Jump to content

Recommended Posts

jartim    0

Hello -


When the compiler generates code for "test_bit(x,y)" it very nicely generates a 'btfss' instruction.

However, when it generates code for "!test_bit(x,y)" it generates much more complex code because the ! is a logical operation not a bit-wise operation.


It would be nice if the compiler could spot that "!test_bit(x,y)" is really a 'btfsc' instruction instead.




Share this post

Link to post
Share on other sites
JorgeF    0




Any special reason to not use the bitwise not operator (~) or does it generate the same code^?

Using a logical operator induces the compiler to do a type cast on the result of "test_bit" to a logical type (char or int) before checking its value.

In strict 'C' the "!test_bit(...)" expression translates to something like "!(char)test_bit()" or "!(int)test_bit(...)"



How about droping the old "test-bit()" and similar macros and using direct bit indexing,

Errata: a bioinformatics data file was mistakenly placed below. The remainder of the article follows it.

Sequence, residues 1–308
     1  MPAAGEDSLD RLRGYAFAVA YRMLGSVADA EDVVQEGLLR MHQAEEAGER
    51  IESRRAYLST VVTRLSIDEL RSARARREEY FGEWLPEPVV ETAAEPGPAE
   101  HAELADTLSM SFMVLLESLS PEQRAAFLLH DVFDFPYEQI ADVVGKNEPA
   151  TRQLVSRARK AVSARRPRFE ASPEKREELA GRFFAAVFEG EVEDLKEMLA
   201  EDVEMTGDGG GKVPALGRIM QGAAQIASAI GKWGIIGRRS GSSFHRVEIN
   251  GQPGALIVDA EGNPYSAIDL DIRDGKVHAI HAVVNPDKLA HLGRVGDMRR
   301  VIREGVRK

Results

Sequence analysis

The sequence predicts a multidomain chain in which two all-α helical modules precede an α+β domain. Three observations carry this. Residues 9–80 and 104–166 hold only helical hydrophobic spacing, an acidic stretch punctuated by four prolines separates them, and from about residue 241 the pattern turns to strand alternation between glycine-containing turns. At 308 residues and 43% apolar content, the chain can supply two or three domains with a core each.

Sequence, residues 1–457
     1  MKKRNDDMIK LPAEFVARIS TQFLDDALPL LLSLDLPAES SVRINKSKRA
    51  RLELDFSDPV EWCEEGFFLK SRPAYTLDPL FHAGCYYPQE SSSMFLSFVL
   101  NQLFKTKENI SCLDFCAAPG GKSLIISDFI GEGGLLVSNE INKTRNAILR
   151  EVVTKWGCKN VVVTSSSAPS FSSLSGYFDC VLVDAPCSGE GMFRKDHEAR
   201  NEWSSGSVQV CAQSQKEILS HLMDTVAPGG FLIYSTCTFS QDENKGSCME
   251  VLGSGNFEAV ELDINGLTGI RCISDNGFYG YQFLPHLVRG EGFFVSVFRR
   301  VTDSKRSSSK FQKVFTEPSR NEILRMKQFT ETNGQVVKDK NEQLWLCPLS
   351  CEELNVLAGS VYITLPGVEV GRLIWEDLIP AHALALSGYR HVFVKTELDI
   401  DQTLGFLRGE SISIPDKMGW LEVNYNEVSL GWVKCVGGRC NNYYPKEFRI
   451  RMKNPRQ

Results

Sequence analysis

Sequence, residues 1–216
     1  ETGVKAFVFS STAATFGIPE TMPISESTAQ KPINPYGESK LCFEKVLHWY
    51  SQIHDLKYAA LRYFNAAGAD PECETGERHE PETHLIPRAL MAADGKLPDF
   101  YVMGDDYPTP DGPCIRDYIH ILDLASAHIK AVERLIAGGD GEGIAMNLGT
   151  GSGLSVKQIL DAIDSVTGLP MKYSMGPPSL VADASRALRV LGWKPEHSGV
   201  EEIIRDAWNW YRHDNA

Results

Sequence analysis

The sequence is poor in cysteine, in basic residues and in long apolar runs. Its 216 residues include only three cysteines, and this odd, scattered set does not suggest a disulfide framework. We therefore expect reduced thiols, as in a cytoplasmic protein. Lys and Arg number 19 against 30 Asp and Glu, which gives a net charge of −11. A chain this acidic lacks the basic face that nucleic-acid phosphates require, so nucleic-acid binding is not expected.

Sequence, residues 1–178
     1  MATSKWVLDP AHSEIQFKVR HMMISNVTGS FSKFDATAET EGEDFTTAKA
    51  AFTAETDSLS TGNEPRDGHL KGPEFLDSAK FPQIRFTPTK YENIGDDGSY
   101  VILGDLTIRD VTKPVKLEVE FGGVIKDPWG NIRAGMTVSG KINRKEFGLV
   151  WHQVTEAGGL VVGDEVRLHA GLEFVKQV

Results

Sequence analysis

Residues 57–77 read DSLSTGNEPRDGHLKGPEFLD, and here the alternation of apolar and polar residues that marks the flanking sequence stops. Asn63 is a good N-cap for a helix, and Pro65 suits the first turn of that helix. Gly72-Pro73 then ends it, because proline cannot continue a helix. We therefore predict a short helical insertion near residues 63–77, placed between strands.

If I'm not worng its available since the first release of BoostC 7.xx

AFAIK the "test_bit", "set_bit" and "clear_bit" macros have been deprecated several years ago.





"semantics do matter!"


Best reards


Edited by JorgeF

Share this post

Link to post
Share on other sites

Your content will need to be approved by a moderator

You are commenting as a guest. If you have an account, please sign in.
Reply to this topic...

×   Pasted as rich text.   Paste as plain text instead

  Only 75 emoticons maximum are allowed.

×   Your link has been automatically embedded.   Display as a link instead

×   Your previous content has been restored.   Clear editor

×   You cannot paste images directly. Upload or insert images from URL.